It’s been a few months since I last saw a Studio Ghibli film, and courtesy of Film 4, to coincide with the release of From Up on Poppy Hill (2011) in the UK, we have been treated to the first showing of My Neighbours the Yamadas (1999), something which I jumped at. I knew from the outset that the style would be far different. Yet the tone remains the same if not even looser as we follow an average Japanese family in daily life.
It was a breath of fresh air and a nice change from the highly stylized offerings to far off fantastical places which have made Ghibli such a respectable name in animation. Something I love about them too. And here you get a lighter side to things, much like Whisper of the Heart (1995) and Oceans Waves (1993) where you can see already the direction of the work towards this more comical film.
It’s not so much a comment on modern family life as to what life is like for most families, regardless of culture, class and background. Instead they create a family to which we can all relate to some extent, from the mother who lives with her daughters to family to the son who is cramming to study. Not the stereotypical family we think of in Japan who places study very high, of course there is an element if that, but we see the other sides of how that affects him. We see a normal teenage boy, trying to make his way in life. Whilst his younger sister, we don’t spend so much time with, seen on the sidelines of the film and family, She does have her moment in one sketch when she is left behind at a shopping centre.
The film is made up of a collection of sketches, which is how life can be perceived, moving from one moment to the next, The family is far from perfect, the mother stays at home, looking after the house and her own mother. Whilst the father goes out to work and the kids are at school. We see a dynamic which we can all relate to, from fighting over the T.V remote to being lazy about making the evening meal.
The design of the film is more engaging and free-er, there is nothing extraordinary (in terms of Ghibli) to be created. We see the family mind wander to far off places. We see the pressures of family life upon them all, to live up to ideals and how to deal with life, be accepting of what happens, not to fight it. Family is very much at the core of this film, being a part of one is very important, to cherish what we have. That is something we can all relate to, Japanese, American, French, English or whatever your nationality family is still important, it’s where we begin and end our lives.
- Studio Ghibli ☆☆☆☆☆ (friendlyfilmfan.wordpress.com)
- From Up On Poppy Hill (seventhreel.co.uk)
- Studio Ghibli (hatokokubiyashi.wordpress.com)
- Studio Ghibli: Japan’s dream factory (telegraph.co.uk)
- Studio Ghibli’s upcoming film has a great new look (but will be delayed) (japandailypress.com)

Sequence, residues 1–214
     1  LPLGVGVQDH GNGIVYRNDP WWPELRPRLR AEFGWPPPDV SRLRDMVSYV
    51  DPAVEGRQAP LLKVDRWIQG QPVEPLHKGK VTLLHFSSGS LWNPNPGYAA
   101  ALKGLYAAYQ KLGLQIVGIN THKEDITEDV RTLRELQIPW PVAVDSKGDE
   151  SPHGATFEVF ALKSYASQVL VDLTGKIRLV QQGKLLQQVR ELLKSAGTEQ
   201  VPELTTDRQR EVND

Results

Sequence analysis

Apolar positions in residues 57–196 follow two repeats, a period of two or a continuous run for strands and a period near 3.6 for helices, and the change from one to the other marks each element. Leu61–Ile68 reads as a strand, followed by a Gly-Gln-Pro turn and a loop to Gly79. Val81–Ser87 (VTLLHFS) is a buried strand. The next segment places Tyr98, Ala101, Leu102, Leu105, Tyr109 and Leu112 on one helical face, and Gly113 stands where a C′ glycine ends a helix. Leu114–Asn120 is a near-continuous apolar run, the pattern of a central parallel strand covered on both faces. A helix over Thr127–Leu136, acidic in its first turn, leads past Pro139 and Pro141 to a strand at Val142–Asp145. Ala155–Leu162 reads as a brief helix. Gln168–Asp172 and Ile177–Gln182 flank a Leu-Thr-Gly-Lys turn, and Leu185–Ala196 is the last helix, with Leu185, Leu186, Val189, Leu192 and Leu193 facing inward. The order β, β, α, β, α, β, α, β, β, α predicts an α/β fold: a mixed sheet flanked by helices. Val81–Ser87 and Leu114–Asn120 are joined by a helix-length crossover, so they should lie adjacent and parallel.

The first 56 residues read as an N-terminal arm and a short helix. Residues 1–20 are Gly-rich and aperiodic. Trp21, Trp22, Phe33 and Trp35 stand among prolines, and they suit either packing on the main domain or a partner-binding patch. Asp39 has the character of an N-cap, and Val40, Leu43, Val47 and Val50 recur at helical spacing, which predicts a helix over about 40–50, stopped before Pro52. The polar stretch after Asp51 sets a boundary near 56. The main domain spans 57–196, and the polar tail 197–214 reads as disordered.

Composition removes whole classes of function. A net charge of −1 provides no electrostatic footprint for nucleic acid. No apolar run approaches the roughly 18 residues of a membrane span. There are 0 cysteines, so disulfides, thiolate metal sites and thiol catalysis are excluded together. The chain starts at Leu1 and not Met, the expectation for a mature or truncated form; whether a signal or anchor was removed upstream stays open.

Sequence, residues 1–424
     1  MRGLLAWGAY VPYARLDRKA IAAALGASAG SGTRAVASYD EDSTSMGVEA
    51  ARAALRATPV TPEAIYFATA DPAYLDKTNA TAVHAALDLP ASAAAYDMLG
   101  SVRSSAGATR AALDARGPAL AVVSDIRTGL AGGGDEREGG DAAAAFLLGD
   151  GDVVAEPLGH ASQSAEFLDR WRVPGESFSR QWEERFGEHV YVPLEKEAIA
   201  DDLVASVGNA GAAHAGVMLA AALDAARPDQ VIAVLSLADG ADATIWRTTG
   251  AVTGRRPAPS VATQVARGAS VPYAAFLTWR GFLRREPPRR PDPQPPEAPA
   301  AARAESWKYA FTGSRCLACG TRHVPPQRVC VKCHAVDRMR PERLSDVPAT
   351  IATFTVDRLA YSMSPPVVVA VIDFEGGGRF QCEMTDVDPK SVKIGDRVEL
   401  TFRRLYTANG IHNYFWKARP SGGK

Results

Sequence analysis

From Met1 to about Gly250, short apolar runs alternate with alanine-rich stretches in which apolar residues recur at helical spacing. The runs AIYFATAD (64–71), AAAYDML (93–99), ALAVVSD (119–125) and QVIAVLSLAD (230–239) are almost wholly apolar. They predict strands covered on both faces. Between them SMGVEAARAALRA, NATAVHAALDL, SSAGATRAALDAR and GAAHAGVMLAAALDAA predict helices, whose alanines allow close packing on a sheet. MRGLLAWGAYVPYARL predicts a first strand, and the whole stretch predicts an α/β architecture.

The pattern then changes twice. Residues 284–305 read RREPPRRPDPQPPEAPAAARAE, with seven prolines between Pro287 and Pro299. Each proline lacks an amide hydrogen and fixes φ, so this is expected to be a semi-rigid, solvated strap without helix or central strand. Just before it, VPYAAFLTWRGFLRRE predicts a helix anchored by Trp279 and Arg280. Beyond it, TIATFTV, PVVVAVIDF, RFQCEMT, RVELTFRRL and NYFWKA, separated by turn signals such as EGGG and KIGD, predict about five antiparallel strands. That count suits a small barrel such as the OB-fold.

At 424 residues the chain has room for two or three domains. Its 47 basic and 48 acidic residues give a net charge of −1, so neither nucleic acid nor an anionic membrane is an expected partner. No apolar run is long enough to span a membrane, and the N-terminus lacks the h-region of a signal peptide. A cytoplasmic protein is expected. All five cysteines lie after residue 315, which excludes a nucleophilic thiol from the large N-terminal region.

- Win From Up On Poppy Hill Tickets With Stratford East Picturehouse (japancentre.com)
- From Up on Poppy Hill, review (telegraph.co.uk)
I first came across Ray Milland a few weeks ago in A Man Alone (1955) which was recommended too, and I did enjoy his acting and the film as a whole, his directorial début which showed a real flair, with the minimal dialogue throughout.
Moving onto today’s Milland film; Bugles in the Afternoon (1952) another western, not his usual noir detective. Which sees him take on the role of Kern Shafter a disgraced army colonel before travelling the country to re-list as a soldier, hoping to start over. Starting over with love in his life, take the form of Josephine Russell (Helena Carter) who he meets on a stagecoach, he keeps her company and safe on their long journey.
Enlisting at the local fort seems to easy to be true, promoted over night to sergeant, fitting in with ease with life of the army. He soon finds friction with another troops captain Capt. Edward Garnett (Hugh Marlowe) knows of his colourful past, having illegally killed a soldier in combat. And so begins what is a rivalry between two men that wont be settled easily. Constantly fighting on missions out of the fort. Garnett pushes Shafter into dangerous situations with the Sioux nation who are on the verge of war with the U.S. not long after being moved to reservation land, they will be pushed no more. We find a trail of death and destruction that they leave behind.
The Sioux give the film its historical anchor to the famous fight at Little Big Horn, not that we spend much time with the battle, more touching on the conflict towards the end of the film as the grand finale. Even having a brief appearance of the famous general (Sheb Wooley). There is more focus on the rivalry and the love triangle between the two men and Josephine Russell, this is what makes a solid film to watch. Along with an irish champion in the form of fellow soldier Donavan (Forrest Tucker) who starts out as a rival until they meet in a fight to settle their differences.
Its one last mission that brings this film to a close, after losing a few men on the edge of Little Big Horn, Shafter takes it upon himself to redeem himself after leaving fellow-men to die at the hands of the enemy, which gives him back what he lost, respect and a life free from the judgement of others, and a clean slate to carry on. Bugles in the Afternoon moves at a steady pace to not get stuck in one aspect of the plot for long,
- Drum and bugle corps featuring Templeton students wins competition (sanluisobispo.com)
- New films rated: Dial M For Murder, Blackfish and Viramundo (metro.co.uk)
- Dial M for Murder 3D, review (telegraph.co.uk)
- What I Love About: The Lost Weekend (1945) (runningtool.wordpress.com)